Moment's new 14mm fisheye has a similar focal length and effect to its predecessor, the 15mm "Superfish" lens, but it has gone through a complete optical redesign. The new glass arrangement includes a bi-aspheric lens that delivers a sharper image out to the corners and a rear element projects light onto a 15% larger surface, so newer phones with wider built-in lenses shouldn't suffer any vignetting.

Left: Pixel 4 by itself. Right: Pixel 4 with 14mm fisheye.

Moment designed both its original 15mm and the new 14mm lenses to reduce some of the notorious fisheye distortion so pictures and video are useful straight out of camera. The Moment Pro Camera app is also scheduled to get an update in the next few weeks with a new adjustment feature that makes it easy to de-fisheye your images. The iOS version should have just received this update.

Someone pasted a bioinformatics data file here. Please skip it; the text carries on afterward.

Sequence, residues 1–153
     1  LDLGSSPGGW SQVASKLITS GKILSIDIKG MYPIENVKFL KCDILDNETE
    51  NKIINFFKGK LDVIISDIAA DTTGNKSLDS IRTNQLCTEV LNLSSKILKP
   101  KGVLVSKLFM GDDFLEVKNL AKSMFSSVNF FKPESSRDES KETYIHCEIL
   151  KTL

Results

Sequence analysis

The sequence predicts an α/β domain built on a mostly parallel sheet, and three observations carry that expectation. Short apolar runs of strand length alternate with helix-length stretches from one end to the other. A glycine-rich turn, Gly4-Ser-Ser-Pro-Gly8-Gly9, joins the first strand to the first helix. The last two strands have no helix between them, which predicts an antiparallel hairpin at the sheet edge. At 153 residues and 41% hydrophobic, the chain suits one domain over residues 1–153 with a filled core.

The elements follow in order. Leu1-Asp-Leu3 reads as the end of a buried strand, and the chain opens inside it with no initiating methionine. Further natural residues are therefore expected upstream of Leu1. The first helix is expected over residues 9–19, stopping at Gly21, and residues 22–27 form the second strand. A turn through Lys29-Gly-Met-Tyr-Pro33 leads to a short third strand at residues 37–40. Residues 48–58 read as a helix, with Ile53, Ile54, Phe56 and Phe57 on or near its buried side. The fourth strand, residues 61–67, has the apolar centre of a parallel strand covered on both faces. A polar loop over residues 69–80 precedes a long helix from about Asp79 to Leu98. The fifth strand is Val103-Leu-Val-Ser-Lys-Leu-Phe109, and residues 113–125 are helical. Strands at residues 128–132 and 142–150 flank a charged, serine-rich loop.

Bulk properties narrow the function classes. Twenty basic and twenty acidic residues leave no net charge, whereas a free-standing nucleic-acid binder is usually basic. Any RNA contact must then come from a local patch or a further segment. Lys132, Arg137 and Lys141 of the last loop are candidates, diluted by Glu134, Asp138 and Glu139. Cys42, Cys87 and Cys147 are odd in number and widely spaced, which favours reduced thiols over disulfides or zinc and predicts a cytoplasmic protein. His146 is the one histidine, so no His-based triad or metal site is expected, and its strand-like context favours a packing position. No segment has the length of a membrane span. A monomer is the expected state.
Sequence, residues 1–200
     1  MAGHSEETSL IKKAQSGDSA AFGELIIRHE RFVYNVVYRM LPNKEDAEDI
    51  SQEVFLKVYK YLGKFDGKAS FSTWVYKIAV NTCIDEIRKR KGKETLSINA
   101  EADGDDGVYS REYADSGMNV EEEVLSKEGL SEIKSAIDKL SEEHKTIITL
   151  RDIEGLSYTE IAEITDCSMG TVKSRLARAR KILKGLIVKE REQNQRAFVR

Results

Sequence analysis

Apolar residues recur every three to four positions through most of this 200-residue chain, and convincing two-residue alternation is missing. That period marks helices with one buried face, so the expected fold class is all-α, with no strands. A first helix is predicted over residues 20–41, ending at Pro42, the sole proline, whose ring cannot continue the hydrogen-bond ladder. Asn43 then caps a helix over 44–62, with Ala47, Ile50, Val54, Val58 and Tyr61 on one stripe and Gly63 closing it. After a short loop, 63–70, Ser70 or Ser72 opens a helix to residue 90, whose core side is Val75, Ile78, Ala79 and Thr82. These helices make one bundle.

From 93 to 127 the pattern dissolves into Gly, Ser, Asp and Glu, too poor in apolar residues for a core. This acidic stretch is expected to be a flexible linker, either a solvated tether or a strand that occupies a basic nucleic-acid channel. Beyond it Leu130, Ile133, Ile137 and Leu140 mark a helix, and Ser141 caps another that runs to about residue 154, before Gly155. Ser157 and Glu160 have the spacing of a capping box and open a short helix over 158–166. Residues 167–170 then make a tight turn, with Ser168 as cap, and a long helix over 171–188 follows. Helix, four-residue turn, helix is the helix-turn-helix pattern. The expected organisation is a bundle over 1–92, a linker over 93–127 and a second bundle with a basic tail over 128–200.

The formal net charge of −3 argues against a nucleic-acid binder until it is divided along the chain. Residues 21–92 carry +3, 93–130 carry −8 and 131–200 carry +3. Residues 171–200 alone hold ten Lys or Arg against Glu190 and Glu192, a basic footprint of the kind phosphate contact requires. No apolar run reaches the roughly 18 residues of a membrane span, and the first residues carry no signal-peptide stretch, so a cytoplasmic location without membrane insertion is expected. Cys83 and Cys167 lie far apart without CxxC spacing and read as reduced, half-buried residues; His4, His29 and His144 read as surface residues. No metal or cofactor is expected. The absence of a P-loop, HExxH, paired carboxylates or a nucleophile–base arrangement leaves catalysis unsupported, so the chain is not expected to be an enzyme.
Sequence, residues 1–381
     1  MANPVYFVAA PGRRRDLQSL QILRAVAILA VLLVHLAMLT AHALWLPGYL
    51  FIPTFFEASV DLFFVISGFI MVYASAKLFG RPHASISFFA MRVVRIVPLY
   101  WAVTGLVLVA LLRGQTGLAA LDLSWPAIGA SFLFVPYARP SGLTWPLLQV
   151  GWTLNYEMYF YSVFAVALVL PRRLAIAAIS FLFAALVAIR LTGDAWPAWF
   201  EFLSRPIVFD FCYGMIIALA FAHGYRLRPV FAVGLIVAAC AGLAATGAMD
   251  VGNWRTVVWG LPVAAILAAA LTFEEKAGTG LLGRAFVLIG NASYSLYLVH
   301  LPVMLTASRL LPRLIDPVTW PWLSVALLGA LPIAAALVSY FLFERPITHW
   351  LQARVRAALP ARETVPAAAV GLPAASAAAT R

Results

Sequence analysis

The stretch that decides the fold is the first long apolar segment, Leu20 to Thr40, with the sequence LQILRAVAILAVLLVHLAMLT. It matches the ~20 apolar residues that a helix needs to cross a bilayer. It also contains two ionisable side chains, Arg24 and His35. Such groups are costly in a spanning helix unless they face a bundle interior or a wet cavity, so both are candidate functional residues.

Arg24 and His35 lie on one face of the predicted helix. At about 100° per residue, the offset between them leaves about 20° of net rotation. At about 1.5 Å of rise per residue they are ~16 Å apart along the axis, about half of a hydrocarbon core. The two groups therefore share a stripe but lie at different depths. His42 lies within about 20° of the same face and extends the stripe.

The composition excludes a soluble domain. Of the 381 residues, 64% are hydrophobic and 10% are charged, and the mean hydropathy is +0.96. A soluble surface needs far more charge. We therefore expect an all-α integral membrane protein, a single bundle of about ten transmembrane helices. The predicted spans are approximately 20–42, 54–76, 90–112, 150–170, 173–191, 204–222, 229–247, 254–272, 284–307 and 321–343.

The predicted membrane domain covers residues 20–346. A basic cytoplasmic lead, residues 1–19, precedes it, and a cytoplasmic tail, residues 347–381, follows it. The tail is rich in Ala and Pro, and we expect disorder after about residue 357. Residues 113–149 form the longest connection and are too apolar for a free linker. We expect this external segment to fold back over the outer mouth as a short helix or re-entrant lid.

If you want to snag the Fisheye 14mm, it's on sales for just $89.99 until Nov 28th. After that, it will join most of the other current lenses at $119.99. This doesn't mean the original 15mm lens is going away just yet. It will be dropping to a regular price of $79.99. That's a really good deal on the old model, but if you own or plan to buy a phone from 2018 or newer, it's better to pick up the 14mm.


Moment sent over one of the 14mm lenses to try out a few days ahead of the announcement. Sadly, the weather really fought with me every inch of the way, so there aren't many sample images right now, but I did get a good feel for what this glass can do, so we've got a mini-review. More images and some video will be coming in a few days.


Size 39.5mm diameter, 27.58mm height